Summerland orchardist Neal Carter is a busy man these days. Not only is he out among his trees doing the usual spring work, he’s also spent the last couple of weeks preparing for the 2013 Bio International Convention, where last week he was presented with a Gold Leaf Award.
“It’s spring and we’re grafting, trying to finish pruning, mowing, pruning, getting the planting blocks ready and then all the Okanagan Specialty Fruits stuff on top of that, it’s pretty crazy,” said Carter, whose company, Okanagan Specialty Fruits, has developed a method to switch off the gene that causes apples to turn brown when cut, using molecular biology techniques.
BIOTE Canada sponsors the Gold Leaf Awards, which honour companies and individuals that have made significant contributions to the development of Canada’s biotech industry. OSF has been named a winner in the early stage agriculture category, recognizing the potential market impact of their Arctic Golden Gala and Arctic Granny apples, which are currently under review by regulators in both the U.S. and Canada.
The reviews in both countries are entering final stages, and Carter is hopeful that he will have approval to begin marketing the apples by the end of 2013.
It’s been a long road since OSF began work on the apples in the early 2000s, but it’s one that has focused international attention on the small Summerland company, which now includes the Gold Leaf Award.
“It’s really great for us to have the recognition after so many years of work, it’s nice to get, makes you feel you are doing something right,” said Carter, who has been speaking at one or two meetings a month for the last couple of years, and welcoming delegations from all of the main fruit growing areas of the world. “There is a lot of interest in the techniques and technology we are using. Even if it is not specifically the non-browning trait, but the whole package, how we can modify traits through molecular approaches.”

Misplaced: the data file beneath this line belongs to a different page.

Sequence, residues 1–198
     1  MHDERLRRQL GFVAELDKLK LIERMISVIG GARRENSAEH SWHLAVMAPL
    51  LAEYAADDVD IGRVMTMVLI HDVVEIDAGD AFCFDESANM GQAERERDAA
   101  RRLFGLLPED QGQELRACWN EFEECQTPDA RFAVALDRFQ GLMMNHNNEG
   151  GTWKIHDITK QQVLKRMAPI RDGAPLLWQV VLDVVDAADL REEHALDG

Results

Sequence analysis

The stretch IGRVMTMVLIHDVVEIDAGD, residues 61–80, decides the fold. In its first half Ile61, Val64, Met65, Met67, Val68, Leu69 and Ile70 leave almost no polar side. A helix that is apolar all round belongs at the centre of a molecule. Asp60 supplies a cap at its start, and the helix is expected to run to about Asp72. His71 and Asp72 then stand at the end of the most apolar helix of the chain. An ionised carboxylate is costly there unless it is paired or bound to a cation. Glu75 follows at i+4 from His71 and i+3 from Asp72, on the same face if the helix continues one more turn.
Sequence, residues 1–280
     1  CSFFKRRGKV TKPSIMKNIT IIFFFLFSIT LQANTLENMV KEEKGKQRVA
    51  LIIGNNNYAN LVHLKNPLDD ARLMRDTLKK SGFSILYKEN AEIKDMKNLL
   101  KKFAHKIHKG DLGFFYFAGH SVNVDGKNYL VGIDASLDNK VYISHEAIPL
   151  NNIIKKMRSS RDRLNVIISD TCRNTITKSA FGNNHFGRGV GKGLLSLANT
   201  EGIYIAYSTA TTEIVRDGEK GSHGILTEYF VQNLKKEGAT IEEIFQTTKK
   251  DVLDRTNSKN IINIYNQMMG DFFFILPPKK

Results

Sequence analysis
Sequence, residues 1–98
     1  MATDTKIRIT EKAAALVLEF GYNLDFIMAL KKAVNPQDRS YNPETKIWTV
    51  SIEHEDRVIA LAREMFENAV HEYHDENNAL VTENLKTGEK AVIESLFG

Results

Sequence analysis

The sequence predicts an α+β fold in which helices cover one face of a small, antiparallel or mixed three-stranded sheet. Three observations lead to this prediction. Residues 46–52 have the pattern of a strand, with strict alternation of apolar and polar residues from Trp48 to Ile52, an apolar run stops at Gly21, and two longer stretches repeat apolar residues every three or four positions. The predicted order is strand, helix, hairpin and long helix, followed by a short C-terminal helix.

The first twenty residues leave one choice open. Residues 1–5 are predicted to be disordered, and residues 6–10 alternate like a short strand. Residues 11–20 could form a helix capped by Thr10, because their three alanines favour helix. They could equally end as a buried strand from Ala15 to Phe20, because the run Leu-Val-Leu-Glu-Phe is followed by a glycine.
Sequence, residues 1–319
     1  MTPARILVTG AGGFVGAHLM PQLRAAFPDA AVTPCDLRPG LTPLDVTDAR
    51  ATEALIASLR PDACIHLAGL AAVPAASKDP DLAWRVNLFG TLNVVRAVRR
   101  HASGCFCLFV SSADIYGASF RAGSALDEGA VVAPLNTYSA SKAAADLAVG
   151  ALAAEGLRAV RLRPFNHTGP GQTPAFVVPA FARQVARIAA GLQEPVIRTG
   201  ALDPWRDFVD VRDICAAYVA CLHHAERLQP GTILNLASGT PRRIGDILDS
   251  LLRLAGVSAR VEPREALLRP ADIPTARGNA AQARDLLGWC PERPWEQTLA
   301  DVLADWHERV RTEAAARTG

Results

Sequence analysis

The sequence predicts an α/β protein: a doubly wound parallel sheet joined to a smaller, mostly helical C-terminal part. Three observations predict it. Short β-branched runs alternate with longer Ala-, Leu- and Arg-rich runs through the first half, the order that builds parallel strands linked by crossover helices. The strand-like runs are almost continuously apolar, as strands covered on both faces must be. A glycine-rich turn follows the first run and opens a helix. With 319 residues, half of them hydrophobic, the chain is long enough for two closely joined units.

The introduction of the non-browning apples hasn’t been without controversy, however, including a resolution from the B.C. Fruit Growers Association against the introduction of genetically modified fruit, which they feel could harm the province’s reputation as a producer of high-quality, healthy fruit.
“That’s really part of the educational challenge we have with this product. People think the worst immediately, and they don’t really give you time to explain it,” said Carter. “It’s a very innocuous use of molecular biology techniques. All we have done is target 800 base pairs out of 750 million and turned those off. It’s very specific and the rest of it is just exactly the apple people have always enjoyed.”
Carter said not only do the non-browning apples retain their nutritional value longer, benefiting growers, packers and retailers by reducing food waste and shrinkage, there is an opportunity to increase the apple market in the fresh-cut fruit industry, where his Arctic Apple varieties will retain their fresh appearance longer.
The Gold Leaf Award was presented last week at the Bio International Convention in Chicago, where Carter was also scheduled to deliver two presentations: “Challenges and Opportunities for Small Companies in AgBiotech: Collaborating and Competing with the Majors” and “Agricultural Biotechnology: Feeding a Hungry Planet and Saving Lives.”